Clarence Stanley Fisher

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Clarence Stanley (C. S.) Fisher (17 August 1876 – 20 July 1941) was an American archaeologist.

Born in Philadelphia, Pennsylvania, C. S. Fisher was a graduate of the school of architecture, University of Pennsylvania, but devoted his subsequent career to Near Eastern archaeology. During World War I, Fisher was assigned to Egypt, where he worked under George Reisner there and in Palestine[1] and undertook excavations at Dendera under the auspices of the University Museum, University of Pennsylvania. After the war he undertook archaeological field work in the Near East, still for the University Museum, for which he was awarded an honorary Doctorate of Science by the University in 1924.

In 1925 Fisher was appointed professor of Archaeology in the American Schools of Oriental Research (ASOR). He spent the years 1936–1940 compiling his monumental Corpus of Palestinian Pottery.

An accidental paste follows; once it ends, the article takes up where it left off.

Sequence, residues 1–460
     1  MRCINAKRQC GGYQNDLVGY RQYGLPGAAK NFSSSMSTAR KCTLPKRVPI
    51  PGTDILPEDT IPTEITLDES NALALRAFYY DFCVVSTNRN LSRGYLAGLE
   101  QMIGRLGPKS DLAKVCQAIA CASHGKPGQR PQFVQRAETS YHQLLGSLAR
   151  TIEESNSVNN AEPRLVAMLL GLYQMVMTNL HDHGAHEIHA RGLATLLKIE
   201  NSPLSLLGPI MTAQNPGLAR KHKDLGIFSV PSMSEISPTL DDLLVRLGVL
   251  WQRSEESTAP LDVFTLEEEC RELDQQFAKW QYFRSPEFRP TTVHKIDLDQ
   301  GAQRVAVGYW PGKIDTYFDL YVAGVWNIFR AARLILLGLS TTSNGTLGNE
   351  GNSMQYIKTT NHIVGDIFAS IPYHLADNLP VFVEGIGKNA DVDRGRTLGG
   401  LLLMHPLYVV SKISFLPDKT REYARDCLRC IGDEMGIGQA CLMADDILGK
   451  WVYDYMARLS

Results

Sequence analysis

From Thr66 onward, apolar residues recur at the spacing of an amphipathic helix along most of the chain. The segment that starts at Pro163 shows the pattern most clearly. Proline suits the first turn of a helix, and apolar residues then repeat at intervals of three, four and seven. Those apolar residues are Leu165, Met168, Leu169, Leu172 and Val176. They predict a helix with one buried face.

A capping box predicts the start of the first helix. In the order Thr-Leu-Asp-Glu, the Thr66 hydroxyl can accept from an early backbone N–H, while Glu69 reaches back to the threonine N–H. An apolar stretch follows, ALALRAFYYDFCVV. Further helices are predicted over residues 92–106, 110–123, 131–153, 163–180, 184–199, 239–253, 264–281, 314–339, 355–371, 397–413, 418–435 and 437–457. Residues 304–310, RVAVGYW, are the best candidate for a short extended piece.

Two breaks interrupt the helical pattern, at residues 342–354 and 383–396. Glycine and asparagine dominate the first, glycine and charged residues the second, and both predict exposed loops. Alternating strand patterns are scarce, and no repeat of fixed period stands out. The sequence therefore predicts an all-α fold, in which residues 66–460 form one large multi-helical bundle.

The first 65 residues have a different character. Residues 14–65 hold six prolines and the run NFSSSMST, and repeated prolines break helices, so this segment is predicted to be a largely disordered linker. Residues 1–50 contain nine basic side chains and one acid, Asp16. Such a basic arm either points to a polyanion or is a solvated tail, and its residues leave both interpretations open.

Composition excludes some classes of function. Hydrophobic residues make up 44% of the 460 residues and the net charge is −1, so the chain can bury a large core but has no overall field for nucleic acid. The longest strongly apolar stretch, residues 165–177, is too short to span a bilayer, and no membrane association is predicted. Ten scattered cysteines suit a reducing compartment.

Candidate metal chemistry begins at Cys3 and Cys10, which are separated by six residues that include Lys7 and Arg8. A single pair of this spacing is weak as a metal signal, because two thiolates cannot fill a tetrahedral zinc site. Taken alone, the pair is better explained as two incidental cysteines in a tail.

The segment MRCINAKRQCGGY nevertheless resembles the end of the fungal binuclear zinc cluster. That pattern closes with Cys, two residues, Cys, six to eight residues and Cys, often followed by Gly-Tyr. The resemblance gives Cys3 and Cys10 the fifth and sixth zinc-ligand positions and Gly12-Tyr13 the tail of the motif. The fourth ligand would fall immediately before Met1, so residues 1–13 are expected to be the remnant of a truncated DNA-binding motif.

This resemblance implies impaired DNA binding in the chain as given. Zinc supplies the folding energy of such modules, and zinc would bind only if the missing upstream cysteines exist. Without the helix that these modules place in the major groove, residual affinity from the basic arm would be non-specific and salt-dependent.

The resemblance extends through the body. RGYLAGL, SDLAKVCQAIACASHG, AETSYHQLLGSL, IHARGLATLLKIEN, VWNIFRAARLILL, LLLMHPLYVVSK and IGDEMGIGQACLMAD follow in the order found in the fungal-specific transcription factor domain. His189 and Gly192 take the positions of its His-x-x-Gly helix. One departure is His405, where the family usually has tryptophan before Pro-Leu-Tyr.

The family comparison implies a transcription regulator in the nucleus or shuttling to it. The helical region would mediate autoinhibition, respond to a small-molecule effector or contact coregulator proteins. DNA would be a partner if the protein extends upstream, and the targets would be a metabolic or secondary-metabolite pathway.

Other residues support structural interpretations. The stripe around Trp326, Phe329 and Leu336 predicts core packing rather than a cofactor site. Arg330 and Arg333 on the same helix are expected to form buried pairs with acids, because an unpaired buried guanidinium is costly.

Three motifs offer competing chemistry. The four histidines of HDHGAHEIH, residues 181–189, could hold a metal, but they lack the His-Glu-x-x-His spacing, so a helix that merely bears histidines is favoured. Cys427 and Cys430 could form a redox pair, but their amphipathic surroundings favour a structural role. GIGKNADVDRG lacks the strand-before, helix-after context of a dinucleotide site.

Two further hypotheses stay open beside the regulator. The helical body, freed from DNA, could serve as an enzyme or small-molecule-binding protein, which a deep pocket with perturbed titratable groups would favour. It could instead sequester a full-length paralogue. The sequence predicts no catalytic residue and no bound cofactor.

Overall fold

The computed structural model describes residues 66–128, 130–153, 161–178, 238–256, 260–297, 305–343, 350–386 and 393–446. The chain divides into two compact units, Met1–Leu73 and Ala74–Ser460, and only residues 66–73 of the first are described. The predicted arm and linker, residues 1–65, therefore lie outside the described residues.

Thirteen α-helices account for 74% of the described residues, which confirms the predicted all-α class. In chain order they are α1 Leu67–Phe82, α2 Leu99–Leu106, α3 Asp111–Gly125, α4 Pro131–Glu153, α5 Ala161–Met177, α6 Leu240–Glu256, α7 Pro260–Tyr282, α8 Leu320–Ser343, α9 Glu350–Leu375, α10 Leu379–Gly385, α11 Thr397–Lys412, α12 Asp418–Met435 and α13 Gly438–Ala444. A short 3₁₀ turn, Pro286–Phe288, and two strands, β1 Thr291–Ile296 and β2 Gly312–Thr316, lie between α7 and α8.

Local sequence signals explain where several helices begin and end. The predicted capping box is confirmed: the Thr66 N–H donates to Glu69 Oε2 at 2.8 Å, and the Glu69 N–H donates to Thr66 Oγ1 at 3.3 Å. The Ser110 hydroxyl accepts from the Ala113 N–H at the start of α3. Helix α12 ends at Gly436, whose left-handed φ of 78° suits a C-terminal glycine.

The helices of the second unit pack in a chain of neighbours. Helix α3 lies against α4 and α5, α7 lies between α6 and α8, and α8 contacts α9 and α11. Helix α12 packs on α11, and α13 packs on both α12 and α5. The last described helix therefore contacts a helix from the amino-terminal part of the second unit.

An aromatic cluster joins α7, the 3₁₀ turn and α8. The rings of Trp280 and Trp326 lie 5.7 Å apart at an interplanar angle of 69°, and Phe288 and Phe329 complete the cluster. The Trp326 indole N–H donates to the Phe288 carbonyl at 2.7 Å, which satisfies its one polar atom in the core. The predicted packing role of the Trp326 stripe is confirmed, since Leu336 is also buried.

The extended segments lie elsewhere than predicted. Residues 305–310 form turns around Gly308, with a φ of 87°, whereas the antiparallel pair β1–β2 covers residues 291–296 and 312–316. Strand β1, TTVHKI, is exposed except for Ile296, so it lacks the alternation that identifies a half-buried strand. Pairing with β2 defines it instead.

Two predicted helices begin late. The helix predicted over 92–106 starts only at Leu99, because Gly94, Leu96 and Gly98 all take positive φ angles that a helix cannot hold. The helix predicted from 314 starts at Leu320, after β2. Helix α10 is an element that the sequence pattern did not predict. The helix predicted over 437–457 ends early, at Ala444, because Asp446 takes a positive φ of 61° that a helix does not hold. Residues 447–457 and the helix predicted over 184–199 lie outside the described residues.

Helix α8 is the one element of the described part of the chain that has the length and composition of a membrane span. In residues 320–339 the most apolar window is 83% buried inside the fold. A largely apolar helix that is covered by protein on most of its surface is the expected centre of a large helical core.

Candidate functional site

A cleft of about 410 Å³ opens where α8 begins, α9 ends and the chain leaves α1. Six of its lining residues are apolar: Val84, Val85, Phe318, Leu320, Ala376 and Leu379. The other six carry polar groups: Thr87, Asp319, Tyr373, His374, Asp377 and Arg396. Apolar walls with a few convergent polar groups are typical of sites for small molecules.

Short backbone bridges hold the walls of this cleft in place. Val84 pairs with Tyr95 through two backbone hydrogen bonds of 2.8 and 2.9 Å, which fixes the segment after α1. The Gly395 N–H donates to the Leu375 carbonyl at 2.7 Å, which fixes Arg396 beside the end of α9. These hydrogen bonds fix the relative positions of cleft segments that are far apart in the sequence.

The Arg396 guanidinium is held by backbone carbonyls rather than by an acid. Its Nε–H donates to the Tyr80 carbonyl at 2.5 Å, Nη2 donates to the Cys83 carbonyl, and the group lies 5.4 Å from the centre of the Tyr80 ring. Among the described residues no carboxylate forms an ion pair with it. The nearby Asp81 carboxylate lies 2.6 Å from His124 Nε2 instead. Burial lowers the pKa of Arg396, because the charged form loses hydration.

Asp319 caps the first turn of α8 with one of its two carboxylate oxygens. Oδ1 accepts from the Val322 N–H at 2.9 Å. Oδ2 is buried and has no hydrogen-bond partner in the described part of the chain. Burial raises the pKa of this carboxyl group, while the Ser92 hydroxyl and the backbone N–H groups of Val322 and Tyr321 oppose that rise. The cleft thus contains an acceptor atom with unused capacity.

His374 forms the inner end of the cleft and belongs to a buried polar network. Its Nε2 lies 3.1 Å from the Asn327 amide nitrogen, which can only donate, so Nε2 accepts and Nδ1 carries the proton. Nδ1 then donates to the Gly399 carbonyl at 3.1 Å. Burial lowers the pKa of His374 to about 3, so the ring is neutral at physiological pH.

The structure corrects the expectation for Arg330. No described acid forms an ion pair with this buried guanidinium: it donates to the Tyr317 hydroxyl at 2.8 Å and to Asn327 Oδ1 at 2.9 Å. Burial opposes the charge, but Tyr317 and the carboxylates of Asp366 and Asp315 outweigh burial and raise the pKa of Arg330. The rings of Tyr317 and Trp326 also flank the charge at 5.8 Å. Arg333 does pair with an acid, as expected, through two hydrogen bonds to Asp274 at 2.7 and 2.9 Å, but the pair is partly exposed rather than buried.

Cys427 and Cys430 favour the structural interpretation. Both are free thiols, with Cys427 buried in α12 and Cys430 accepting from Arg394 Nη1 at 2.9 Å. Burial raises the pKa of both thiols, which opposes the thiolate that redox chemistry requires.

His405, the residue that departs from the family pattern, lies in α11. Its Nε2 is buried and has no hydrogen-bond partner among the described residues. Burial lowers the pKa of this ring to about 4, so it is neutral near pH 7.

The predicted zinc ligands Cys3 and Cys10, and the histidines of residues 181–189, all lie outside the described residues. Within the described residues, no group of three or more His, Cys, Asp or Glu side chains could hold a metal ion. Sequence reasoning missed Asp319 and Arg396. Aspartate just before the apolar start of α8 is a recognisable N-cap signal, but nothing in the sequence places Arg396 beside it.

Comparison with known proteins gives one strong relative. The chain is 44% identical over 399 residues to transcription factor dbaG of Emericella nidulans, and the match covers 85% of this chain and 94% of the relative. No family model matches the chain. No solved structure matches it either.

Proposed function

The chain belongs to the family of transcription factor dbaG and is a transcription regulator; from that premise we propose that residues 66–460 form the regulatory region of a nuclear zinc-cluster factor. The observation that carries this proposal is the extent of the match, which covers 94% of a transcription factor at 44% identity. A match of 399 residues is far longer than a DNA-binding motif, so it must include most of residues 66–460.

He was the moving spirit in the founding of the Dar el-Awlad, Jerusalem, the Home for Children.

He died in Jerusalem. His papers, formerly housed at the Albright Institute, Jerusalem, are conserved with ASOR.[2]

Notes[edit]

  1. ^ Dilys Pegler Winegrad. Through Time, Across Continents: a hundred years of archaeology and anthropology at the University Museum (University of Pennsylvania. University Museum of Archaeology and Anthropology) 1993:28
  2. ^ Glueck, Nelson. "Clarence Stanley Fisher in memoriam", Bulletin of the American Schools of Oriental Research, no. 43 (1941:2–4).

Bibliography[edit]